Another meeting is set to be hosted tonight at 6:30pm (Wednesday, September 18th) at Hamburg Town Hall. While this meeting will not be open to public comment, it is important that members of the public appear to show their support against the proposed asphalt plant and that they are available to directly hear the information provided by the Town in regards to this proposal.
In preparation for this meeting, a helpful tip was submitted with further application data obtained via FOIL request to the NYSDEC. Included in this post are two studies, showing that the plant was initially proposed to operate at a capacity of 200k tons per year, but would have exceeded the NYSDEC permitted levels of formaldehyde emissions. Due to this, the environmental engineer contracted to produce these studies simply stated that the plant would then be limited to 135k tons per year, putting the emissions of formaldehyde at 99.9% of the legal allowable limit according to the NYSDEC.
This would indicate that any overage in production, or any unpredictable environmental or atmospheric condition could put the facility beyond its legal allowable limits of emissions immediately.
It is also important to understand that the NYSDEC has different legal allowable limits than the Town of Hamburg. The NYSDEC has guidelines for allowable emissions, where the Town of Hamburg code explicitly states that emissions of any amount cannot leave the zoning district and enter into any other zoning district.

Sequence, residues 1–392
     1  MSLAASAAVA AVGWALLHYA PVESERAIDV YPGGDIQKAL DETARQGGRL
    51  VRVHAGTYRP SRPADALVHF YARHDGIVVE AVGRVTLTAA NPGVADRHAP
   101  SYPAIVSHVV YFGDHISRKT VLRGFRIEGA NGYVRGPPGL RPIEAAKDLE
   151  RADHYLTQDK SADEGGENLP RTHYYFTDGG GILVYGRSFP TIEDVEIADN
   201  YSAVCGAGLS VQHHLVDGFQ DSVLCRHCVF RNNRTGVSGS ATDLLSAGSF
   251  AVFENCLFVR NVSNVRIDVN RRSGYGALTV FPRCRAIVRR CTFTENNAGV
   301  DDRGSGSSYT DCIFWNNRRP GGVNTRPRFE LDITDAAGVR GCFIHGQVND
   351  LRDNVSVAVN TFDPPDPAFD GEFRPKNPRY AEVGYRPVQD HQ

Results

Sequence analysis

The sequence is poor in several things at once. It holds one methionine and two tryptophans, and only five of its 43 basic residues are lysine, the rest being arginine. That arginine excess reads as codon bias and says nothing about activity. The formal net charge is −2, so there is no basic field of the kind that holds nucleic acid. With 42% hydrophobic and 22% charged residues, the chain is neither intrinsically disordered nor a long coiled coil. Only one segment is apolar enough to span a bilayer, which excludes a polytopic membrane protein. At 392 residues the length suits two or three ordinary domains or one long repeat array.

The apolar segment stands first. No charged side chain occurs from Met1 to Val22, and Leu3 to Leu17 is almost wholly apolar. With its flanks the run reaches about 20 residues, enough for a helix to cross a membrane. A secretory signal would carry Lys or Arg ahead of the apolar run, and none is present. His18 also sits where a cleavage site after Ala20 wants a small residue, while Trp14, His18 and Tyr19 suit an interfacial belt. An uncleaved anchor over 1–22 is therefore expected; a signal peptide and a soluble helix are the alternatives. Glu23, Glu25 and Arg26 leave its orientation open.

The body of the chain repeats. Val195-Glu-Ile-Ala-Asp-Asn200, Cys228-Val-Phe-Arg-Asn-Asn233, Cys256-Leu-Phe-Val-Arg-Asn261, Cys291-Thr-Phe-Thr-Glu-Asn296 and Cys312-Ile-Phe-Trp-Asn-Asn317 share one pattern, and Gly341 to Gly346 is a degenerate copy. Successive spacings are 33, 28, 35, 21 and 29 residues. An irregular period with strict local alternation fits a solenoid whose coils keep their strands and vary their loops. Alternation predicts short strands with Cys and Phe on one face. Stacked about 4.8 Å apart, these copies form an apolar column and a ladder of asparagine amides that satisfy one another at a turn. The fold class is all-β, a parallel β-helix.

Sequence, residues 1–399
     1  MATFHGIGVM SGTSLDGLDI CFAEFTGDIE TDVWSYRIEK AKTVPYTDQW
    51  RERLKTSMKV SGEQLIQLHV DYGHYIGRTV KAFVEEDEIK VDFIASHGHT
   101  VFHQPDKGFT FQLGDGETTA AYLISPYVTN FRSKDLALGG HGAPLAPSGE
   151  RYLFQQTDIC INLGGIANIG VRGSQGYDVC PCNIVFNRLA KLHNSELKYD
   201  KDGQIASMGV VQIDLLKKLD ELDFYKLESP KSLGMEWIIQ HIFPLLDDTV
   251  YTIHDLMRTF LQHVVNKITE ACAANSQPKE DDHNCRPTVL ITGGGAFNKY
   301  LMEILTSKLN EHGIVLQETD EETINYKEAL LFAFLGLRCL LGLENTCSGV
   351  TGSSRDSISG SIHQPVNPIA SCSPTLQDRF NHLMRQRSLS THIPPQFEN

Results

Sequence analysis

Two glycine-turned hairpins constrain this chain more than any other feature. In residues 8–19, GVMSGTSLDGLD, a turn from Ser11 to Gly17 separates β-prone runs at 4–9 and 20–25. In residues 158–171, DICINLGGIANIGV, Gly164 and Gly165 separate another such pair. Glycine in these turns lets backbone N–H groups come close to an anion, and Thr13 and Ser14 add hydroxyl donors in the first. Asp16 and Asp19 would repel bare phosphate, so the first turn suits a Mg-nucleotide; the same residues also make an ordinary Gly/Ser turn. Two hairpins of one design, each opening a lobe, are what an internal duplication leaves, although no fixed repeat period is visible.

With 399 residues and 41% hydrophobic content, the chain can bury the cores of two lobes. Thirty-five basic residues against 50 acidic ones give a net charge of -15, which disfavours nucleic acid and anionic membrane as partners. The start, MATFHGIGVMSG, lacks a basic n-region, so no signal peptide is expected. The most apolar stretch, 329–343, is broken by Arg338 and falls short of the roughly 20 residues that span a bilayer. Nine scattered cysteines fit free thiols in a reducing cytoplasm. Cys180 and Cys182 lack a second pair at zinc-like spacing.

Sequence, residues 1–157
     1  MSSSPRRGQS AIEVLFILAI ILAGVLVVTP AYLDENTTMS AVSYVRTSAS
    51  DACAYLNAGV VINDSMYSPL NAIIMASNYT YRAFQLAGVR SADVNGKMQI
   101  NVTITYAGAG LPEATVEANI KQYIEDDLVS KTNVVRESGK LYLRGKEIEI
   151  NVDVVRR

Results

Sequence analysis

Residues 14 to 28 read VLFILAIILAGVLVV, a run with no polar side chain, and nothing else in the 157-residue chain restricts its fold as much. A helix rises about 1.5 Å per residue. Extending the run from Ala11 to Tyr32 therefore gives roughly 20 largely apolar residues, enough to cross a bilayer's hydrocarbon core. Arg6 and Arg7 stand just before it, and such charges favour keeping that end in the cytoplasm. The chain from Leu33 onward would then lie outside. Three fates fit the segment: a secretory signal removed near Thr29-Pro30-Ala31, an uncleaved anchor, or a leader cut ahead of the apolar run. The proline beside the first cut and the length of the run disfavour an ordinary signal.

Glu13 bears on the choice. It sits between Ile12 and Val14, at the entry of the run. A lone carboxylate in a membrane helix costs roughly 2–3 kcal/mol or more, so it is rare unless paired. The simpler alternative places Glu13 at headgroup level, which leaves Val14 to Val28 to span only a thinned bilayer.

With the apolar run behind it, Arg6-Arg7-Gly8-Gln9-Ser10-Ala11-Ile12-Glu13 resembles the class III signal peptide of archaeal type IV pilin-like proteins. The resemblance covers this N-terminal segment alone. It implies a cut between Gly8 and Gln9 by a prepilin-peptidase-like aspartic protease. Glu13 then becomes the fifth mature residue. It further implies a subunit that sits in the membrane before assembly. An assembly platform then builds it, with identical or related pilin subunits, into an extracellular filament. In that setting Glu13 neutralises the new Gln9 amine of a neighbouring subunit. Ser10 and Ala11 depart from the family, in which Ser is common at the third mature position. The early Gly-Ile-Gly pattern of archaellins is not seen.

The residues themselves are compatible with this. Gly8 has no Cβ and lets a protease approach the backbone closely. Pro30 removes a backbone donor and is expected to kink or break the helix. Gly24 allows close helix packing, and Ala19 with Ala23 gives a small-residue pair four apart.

On that topic, the environmental engineer includes data showing that emissions of Xylene, a known occupational hazard, will exist at “approximately 500-feet from the source”, which the study states is the property boundary.
Since Camp Road and the other adjacent plots are not M-3 zoned, this admits that Xylene will be emitted into adjacent plots, again violating the Town of Hamburg code on emissions pertinent to M-3 zoning as have been documented in our other published articles. The 500-feet measure is also a bit misleading, as mentioned in our other articles as well, due to the fact that the plant is only 190-feet from the nearest zoning change, and at the 500-feet measure the amount of Xylene is already at 10.8% of the legal allowable annual limit.
The applicant and environmental engineer can argue that Xylene is allowable in these levels by the NYSDEC, as their model does suggest at this time, but the word “any” used in the Town of Hamburg code indicates that Xylene of any amount would violate town code.
We are under the impression that the contracted environmental study by the Town of Hamburg should clearly and obviously expose this same fact, hopefully with better modeling to suggest more accurate distances to property boundaries and with more scenarios that could occur in real world applications.
To review these studies yourself, please reference the following links: